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These Swiss cookies, sometimes spelled Brazeli or Bratzeli, are made with a specialty iron much like a waffle iron, but the results are thinner. You can also use a pizzelle iron.


Source: Holiday Cookies 2005, Special Issue Holiday 2005


  • 7 to 9 cups all-purpose flour, sifted
  • 1 tablespoon ground cinnamon
  • 1/4 teaspoon coarse salt
  • 1 cup (2 sticks) unsalted butter, softened
  • 1 1/2 cups sugar
  • 1 tablespoon pure vanilla extract
  • 1 tablespoon pure lemon extract
  • Finely grated zest of 1 lemon (optional)
  • 2 large eggs, room temperature, lightly beaten
  • 1 cup heavy cream, room temperature
  • Vegetable oil cooking spray


  1. Whisk together 3 cups flour, the cinnamon, and salt in a medium bowl; set aside. Put butter and sugar in the bowl of an electric mixer fitted with the paddle attachment; mix on medium speed until pale and fluffy. Add extracts, and zest if using; mix until combined. Add eggs; mix until combined.

  2. Whisk cream in a medium bowl until just slightly thickened. Fold into butter mixture.

  3. Reduce mixer speed to low. Add flour mixture, and mix until just combined. Add remaining flour, 1 cup at a time, mixing until incorporated after each addition, until dough is just soft enough to handle but still slightly sticky. Roll tablespoons of dough into balls.

  4. Coat a bratseli or pizzelle iron with cooking spray, and heat. Place 1 ball of dough in each grid, and press handle down tightly. Cook bratseli until golden (some machines have a green light that will illuminate when done), 1 to 1 1/2 minutes. Trim edges, if needed. Let cool completely on wire racks. Cookies can be stored between layers of parchment in airtight containers at room temperature up to 2 weeks.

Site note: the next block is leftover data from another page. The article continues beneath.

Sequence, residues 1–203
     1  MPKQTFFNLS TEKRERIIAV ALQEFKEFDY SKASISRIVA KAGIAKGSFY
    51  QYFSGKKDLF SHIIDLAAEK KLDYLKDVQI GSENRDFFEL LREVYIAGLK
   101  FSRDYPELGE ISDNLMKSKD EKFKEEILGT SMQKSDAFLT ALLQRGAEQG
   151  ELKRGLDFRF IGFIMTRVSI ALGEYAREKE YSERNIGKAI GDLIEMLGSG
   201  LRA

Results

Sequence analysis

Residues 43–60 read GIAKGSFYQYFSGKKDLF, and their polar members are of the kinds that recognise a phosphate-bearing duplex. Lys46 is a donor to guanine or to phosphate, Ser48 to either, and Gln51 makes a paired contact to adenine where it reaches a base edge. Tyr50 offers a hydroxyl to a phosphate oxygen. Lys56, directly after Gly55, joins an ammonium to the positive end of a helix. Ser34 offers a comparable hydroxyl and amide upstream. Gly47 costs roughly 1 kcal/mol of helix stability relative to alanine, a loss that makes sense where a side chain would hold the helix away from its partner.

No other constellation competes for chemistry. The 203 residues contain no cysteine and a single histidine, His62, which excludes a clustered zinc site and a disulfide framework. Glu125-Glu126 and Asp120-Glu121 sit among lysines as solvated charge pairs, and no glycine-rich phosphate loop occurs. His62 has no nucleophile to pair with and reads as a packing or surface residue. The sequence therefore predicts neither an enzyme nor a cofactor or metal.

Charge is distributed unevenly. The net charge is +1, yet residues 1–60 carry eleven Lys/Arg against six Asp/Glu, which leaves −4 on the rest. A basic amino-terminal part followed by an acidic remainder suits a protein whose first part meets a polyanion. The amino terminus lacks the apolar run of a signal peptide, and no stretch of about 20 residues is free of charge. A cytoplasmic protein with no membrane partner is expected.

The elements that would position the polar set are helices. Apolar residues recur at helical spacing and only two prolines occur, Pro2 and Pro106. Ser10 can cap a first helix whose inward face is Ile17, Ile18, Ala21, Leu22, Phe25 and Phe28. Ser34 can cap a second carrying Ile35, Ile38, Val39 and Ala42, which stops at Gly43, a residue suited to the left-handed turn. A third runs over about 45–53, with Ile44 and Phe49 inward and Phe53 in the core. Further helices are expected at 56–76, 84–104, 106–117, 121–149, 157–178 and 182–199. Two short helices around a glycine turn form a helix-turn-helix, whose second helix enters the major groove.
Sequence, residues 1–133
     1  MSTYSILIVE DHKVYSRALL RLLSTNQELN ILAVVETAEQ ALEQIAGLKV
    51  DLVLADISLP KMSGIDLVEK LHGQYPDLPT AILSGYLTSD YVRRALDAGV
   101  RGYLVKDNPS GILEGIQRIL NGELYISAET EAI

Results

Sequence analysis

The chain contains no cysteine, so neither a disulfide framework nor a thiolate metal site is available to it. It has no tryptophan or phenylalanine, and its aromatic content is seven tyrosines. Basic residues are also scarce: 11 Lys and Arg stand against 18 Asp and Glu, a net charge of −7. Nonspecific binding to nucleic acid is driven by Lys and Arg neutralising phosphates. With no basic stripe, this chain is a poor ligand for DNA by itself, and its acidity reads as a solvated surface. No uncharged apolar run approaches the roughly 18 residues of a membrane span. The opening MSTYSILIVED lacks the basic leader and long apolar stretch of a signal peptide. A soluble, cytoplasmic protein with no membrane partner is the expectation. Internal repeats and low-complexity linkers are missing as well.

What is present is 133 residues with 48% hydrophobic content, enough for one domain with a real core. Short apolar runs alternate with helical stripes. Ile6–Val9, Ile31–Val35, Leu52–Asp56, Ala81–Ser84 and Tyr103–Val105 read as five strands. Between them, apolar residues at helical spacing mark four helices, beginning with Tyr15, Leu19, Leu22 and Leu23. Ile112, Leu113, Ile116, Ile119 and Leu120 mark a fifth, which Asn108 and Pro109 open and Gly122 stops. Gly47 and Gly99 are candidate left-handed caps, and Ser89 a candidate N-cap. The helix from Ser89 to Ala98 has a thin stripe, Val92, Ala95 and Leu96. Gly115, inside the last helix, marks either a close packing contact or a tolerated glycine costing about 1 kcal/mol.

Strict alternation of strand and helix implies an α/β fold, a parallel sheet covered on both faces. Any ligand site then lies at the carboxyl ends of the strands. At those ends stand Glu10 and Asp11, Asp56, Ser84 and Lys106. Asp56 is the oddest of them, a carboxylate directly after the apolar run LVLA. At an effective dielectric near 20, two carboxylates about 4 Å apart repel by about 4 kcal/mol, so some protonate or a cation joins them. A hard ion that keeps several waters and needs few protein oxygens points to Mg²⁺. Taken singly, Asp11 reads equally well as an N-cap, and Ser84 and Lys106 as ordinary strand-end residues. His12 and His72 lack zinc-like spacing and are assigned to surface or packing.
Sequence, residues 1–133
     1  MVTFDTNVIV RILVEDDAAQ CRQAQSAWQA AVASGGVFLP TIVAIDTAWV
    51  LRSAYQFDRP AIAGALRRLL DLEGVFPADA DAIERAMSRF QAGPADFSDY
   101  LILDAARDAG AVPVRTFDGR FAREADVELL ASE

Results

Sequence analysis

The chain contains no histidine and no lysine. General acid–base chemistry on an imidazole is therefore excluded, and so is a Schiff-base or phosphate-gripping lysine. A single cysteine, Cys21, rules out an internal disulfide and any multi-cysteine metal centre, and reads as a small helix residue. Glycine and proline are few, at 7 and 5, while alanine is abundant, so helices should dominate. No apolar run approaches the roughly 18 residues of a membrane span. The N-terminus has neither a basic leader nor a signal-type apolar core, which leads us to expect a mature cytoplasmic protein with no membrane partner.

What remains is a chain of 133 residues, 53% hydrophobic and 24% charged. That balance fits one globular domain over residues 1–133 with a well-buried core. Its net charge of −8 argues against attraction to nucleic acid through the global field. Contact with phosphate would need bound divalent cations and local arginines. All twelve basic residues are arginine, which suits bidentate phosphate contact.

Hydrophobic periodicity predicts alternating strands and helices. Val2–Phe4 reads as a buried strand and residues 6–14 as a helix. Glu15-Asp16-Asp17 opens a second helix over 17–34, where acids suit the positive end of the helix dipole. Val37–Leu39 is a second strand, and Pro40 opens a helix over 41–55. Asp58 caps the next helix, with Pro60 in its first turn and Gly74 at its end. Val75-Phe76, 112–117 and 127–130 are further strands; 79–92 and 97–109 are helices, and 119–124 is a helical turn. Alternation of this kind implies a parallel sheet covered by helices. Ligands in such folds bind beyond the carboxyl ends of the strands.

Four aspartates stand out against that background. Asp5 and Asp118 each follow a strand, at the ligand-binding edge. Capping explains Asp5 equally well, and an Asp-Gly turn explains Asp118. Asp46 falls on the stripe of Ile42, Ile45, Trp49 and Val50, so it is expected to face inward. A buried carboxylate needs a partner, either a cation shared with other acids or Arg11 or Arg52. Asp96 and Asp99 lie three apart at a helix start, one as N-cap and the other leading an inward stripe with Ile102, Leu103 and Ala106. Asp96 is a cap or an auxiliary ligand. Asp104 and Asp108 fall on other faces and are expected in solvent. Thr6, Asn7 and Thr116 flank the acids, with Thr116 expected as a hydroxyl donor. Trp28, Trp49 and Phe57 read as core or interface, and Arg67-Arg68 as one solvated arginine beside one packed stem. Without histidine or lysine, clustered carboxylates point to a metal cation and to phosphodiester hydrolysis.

Reviews (4)

  • Dazzeedoo 18 Nov, 2011

    My Grandfalther's StepMother was Swedish, and used to make cookies on a pizzelle iron. Of course, the recipe was never written down,. My mom was sure there was cream in it, and since my Grandma was Swedish, these seemed like the likely choice. If you have already eaten a Pizzelle- these will disappoint. I believe at some point my Great-Step-Grandmother must have decided the Italians did cookies better. With no baking powder in them Bratseli are hard, thick cookies, ummm or hockey pucks.

  • Nancyj95 21 Dec, 2010

    Why do you almost never tell how many it makes?

  • kitkath 31 Dec, 2008

    I make pizelles that look exactly like these with less flour.

  • shirley97128 17 Nov, 2008

    9 cups of flour ! You would be making these cookies for a week. I make krumcaka on my Grandmothers iron, 1 tablespoon of batter makes your waffle cookie.

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